Dissolution of MarriageIn the state of Georgia, dissolution of marriage and divorce are one and the same, and if you are in the process of going through a divorce you likely want to know how much alimony you can expect to receive. Alimony is also called spousal support. Spouse A pays Spouse B because Spouse B is no longer receiving the benefit of Spouse A’s income following the dissolution of the marriage.

In some cases, the alimony payments to Spouse B can begin during the process of divorce. This happens only by court order. These payments typically only last the time necessary for the court to finalize the divorce proceedings. At that time, the court will determine the details of alimony payments following the divorce.

It is difficult to tell you exactly how much alimony you can expect in a dissolution of marriage. However, there are certain factors Georgia courts will consider, including:

  • How many years the couple has been married
  • Age and health of each spouse
  • Both spouses’ individual contributions to the marital assets
  • Each spouse’s financial situation
  • Standard of living each spouse enjoyed during the marriage
  • Value of any property each spouse may possess
  • Each spouse’s ability to earn an income
  • Each spouse’s debt
  • The length of time it will take each party to gain enough education or experience to obtain gainful employment.

3 Different Types of Alimony in Georgia

There are actually three different forms of alimony the judge may order, depending on your divorce situation: Permanent Alimony, Rehabilitative Alimony and Periodic Alimony.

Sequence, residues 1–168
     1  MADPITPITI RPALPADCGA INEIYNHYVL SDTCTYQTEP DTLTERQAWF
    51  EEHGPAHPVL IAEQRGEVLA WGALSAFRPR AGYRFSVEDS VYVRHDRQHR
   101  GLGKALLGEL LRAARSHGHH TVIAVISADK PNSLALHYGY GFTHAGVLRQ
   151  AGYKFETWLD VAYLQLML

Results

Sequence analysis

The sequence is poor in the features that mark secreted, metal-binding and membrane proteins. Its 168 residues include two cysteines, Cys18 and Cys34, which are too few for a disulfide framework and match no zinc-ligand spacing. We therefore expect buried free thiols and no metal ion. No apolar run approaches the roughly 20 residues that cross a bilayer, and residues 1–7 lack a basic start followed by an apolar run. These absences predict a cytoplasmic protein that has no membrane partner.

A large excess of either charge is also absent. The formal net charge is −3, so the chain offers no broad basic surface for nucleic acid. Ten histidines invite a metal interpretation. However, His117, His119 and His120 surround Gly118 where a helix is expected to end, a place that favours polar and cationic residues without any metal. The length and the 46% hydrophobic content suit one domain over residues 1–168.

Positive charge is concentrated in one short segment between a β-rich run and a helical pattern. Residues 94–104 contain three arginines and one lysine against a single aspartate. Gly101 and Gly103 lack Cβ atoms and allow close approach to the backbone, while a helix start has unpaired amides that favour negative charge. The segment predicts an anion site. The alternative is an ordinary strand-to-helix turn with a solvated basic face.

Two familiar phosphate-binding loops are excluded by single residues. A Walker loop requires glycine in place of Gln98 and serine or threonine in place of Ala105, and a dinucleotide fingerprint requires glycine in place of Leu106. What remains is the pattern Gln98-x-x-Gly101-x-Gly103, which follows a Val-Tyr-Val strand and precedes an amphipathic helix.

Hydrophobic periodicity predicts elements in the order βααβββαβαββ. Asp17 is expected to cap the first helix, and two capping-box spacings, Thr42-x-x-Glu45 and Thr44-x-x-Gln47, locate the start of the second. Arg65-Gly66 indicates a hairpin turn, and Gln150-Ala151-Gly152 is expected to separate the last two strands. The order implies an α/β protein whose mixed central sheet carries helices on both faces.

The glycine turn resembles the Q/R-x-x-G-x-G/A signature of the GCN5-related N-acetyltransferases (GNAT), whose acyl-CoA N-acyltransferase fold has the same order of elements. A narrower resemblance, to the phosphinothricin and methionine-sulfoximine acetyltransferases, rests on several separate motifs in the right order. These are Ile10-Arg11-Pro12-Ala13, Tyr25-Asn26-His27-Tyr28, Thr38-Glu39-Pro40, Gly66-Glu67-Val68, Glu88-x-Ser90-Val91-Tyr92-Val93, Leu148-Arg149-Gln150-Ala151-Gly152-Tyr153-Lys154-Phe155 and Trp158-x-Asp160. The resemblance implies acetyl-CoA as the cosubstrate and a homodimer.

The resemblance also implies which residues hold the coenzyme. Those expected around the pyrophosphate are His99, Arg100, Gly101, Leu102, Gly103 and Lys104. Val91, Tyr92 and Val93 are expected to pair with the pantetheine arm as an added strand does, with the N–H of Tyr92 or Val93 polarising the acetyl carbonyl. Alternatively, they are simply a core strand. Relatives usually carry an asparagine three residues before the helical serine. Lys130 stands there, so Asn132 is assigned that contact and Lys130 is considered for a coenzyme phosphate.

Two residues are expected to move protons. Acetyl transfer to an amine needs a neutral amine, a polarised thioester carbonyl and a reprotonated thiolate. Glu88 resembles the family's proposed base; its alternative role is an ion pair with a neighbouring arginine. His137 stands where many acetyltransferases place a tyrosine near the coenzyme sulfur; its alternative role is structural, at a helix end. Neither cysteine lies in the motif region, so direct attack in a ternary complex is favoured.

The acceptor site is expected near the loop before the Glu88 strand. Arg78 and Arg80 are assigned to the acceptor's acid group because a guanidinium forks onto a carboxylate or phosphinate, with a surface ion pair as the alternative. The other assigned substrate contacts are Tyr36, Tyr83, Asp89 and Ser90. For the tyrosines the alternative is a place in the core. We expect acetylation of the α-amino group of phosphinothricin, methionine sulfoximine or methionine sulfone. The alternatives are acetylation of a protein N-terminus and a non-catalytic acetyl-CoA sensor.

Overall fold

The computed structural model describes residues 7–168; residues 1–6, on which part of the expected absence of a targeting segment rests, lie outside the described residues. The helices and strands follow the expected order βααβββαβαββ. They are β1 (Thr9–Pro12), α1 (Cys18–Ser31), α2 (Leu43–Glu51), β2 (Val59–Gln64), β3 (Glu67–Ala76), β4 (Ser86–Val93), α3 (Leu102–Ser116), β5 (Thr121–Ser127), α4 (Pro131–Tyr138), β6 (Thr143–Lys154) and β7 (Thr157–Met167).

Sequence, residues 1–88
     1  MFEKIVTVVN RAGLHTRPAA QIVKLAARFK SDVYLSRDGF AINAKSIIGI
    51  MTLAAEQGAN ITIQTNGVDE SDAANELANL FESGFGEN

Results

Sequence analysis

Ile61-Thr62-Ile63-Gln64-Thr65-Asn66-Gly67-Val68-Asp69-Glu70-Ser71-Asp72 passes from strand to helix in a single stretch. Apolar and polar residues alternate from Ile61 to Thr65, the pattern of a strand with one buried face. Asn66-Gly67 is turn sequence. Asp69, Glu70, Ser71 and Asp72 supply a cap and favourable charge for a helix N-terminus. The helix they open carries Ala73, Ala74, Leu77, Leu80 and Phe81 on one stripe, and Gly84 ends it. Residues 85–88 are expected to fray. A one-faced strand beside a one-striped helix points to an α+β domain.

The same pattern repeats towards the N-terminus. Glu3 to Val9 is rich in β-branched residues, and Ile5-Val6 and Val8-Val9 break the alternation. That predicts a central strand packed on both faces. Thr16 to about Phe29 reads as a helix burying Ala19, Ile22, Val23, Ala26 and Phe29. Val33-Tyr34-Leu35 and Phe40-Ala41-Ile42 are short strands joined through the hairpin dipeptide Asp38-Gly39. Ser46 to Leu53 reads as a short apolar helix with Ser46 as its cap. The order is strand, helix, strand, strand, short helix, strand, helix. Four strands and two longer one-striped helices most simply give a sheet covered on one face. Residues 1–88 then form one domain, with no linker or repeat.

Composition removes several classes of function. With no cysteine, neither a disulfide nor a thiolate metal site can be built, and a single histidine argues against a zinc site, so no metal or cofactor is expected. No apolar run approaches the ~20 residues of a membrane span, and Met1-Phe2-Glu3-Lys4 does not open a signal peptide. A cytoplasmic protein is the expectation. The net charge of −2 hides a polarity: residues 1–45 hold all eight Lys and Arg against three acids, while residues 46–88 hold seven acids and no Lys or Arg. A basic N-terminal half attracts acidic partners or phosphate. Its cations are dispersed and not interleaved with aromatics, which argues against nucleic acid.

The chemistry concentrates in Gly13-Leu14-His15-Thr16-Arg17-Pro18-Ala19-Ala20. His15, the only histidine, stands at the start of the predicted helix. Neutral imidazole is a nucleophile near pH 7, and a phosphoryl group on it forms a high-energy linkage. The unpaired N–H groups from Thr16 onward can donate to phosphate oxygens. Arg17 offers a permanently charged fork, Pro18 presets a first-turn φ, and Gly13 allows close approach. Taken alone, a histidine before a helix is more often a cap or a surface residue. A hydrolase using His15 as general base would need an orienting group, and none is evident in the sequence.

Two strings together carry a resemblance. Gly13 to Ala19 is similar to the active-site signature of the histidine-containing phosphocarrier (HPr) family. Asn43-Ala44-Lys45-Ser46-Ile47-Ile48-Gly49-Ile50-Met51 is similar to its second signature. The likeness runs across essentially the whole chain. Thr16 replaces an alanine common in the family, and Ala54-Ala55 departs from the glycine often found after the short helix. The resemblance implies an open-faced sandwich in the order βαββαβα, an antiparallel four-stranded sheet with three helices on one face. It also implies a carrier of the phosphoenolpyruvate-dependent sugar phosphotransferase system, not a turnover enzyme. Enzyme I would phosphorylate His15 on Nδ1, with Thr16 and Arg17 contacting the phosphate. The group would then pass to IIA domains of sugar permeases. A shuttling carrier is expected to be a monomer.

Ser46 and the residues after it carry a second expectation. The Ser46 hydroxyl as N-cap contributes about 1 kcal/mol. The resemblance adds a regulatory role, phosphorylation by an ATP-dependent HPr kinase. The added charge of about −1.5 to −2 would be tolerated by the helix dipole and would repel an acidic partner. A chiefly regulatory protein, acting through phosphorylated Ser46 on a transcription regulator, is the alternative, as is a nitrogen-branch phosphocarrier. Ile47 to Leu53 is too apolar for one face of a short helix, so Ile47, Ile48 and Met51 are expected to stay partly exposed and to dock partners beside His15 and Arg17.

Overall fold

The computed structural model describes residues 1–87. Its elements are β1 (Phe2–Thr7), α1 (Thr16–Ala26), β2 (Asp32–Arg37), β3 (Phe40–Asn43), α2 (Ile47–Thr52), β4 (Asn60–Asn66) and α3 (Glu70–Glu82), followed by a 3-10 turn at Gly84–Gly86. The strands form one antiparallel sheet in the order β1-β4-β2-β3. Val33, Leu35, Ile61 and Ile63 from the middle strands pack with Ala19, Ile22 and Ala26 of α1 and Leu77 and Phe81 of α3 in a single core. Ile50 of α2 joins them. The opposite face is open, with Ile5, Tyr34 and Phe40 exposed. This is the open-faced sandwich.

If the court orders permanent alimony, Spouse A will continue paying Spouse B the determined alimony payments until Spouse B dies or remarries. Alimony may be money. Or, it may take other forms. In some cases alimony allows a spouse to live in the couple’s former home without having to pay mortgage or rent.

The court may order rehabilitative alimony. This allows Spouse B time to gain education or experience in order to work toward being financially independent. An example would be a parent who has been out of the workforce while raising children. In such a case, the court may order Spouse A to pay alimony to help Spouse B gain education or experience to obtain gainful employment.

In the case of periodic alimony, the spouse typically pays out at regular intervals, such as monthly or bi-weekly. Spouse A will be required to continue paying Spouse B at the intervals for as long as the court orders it. Georgia courts reserve the right to modify the alimony award or intervals of payment if financial situations change for either spouse.

When is Alimony Unlikely in Dissolution of Marriage?

If a spouse is the cause of the dissolution of marriage, the court is unlikely to award this spouse any alimony. For example, a divorce may result from desertion or adultery. The deserting or adulterous spouse should not expect alimony.

Need more information about alimony or dissolution of marriage in the state of Georgia? Our team at Reeder Law Firm is here to help. Need help with your dissolution of marriage? Contact our professional family law attorneys in Alpharetta today for a free consultation.